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Marta Spiridonova represented Bulgaria in the MIRAI program

Marta Spiridonova represented Bulgaria in the MIRAI

She was selected after a competition to represent Bulgaria in the MIRAI program. Read about her experience in Japan.


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Marta Spiridonova

Why did you become interested in Japan?

I used to hate the Geography classes in high school and nothing could make me read the textbook. So imagine my mother’s surprise when once, in the middle of the night, she caught me reading that very same textbook I used to detest. It was a chapter about Japan. It was such an interesting read that I could not close the book until I learned everything about this enchanting world.

A couple of years later I started looking at Japan from a different perspective, I got interested in the culture, the way of living, the economy. I also had a professor who has worked for a Japanese company in Tokyo for many years, and his stories made my interest in this beautiful country even stronger..

How were you selected to represent Bulgaria in the MIRAI program? And what is the purpose of the MIRAI program?

2019 was the year of three significant anniversaries in the Bulgarian-Japanese relations - the 110th anniversary of the beginning of bilateral contacts, the 80th anniversary of the establishment of diplomatic relations, and the 60th anniversary of the resumption of diplomatic relations.  The same year I was granted a scholarship from the Japanese Ministry of Foreign Affairs to attend a 10-days exchange program in Tokyo, Japan. I was invited to represent Bulgaria in the MIRAI program. In Japanese MIRAI means “Future”. And the main objective of the program was fostering mutual understanding and intellectual relations between Japan and Europe. I had the chance to meet key diplomats and figures from the Japanese Business world, while studying Japanese economy and expanding our mutual cultural awareness. As part of the application process I wrote an essay about the economic relations between the two countries and how they have changed over the years. I was then invited for an interview in the Japanese Embassy in Bulgaria, and that is how my adventure began.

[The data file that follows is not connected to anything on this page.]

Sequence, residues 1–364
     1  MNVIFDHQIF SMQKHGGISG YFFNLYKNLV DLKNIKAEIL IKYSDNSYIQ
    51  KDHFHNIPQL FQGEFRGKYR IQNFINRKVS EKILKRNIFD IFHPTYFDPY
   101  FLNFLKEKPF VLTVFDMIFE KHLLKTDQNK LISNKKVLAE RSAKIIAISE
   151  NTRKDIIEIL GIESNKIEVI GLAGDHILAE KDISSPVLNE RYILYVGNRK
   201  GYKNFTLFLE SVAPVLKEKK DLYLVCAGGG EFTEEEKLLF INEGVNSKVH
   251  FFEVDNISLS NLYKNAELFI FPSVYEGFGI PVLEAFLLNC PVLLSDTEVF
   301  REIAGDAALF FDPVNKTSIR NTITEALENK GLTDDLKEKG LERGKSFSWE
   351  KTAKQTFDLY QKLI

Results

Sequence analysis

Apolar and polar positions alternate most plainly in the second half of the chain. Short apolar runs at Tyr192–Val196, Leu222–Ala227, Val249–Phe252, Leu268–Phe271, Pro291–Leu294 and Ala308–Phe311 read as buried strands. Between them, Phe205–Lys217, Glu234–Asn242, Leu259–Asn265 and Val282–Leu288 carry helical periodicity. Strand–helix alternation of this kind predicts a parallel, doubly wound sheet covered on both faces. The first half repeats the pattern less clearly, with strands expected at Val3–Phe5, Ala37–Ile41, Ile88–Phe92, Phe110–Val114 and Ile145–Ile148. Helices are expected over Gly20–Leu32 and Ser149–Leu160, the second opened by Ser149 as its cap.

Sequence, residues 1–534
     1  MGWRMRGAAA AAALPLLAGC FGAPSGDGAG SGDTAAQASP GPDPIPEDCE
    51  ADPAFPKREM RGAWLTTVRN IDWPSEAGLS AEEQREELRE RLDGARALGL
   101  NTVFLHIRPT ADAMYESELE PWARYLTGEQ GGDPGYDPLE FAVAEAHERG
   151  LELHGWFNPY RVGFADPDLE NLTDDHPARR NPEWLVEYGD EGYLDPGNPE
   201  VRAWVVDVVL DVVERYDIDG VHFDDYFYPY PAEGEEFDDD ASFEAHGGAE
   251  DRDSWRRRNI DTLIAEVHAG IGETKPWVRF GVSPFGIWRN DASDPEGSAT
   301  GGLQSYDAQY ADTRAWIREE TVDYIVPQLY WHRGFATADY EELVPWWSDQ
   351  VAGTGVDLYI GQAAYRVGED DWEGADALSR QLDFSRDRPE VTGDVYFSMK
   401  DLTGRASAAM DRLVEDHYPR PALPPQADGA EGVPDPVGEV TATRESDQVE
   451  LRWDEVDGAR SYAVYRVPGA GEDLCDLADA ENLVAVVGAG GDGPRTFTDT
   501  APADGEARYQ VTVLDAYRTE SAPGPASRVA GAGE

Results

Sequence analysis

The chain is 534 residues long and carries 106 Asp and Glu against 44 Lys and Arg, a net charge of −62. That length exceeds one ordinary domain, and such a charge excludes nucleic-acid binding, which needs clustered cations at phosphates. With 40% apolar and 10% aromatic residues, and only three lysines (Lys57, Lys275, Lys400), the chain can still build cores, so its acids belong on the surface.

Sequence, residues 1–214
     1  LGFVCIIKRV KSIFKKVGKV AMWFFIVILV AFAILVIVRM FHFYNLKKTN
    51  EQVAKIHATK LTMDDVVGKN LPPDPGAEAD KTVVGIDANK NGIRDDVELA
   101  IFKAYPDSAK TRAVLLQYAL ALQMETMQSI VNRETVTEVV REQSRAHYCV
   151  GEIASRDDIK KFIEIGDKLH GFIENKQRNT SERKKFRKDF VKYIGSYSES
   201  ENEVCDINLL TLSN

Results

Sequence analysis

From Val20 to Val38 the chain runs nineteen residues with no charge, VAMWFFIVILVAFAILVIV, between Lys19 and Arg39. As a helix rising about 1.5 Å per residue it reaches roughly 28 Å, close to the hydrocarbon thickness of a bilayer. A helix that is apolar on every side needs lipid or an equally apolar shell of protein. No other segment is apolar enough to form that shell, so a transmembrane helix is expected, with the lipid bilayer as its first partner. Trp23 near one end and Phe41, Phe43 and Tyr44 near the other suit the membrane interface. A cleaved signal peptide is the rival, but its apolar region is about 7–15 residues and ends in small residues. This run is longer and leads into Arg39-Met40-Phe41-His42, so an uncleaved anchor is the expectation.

What impressed you the most about the Japanese work culture? Did you experience a culture shock?

During these ten days I visited the Tokyo Stock Exchange and attended the ceremony for the companies listing. I also visited TOTO - the world's largest high-tech toilet manufacturer and NEC Corporation – an ICT company, which is a world-leading provider of facial recognition and other biometrics. During these visits I came across the concept of a “Salaryman”. “The salaryman was granted employment for life, with a very low chance of dismissal, in exchange for giving their complete loyalty to the company, over any other companies or even their family life.” We are used to seeing young people regularly changing the place where they work, switching to different industries or even job positions. On the other hand, promotions in Japan are usually based on the nenkojooretsu ("years-merit-order").  Longevity determines rank, competence is equated with age and experience within a firm counts more than expertise. This was definitely something new for me and gave me food for thought.


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KPMG International Cooperative (“KPMG International”) is a Swiss entity.  Member firms of the KPMG network of independent firms are affiliated with KPMG International. KPMG International provides no client services. No member firm has any authority to obligate or bind KPMG International or any other member firm vis-à-vis third parties, nor does KPMG International have any such authority to obligate or bind any member firm.

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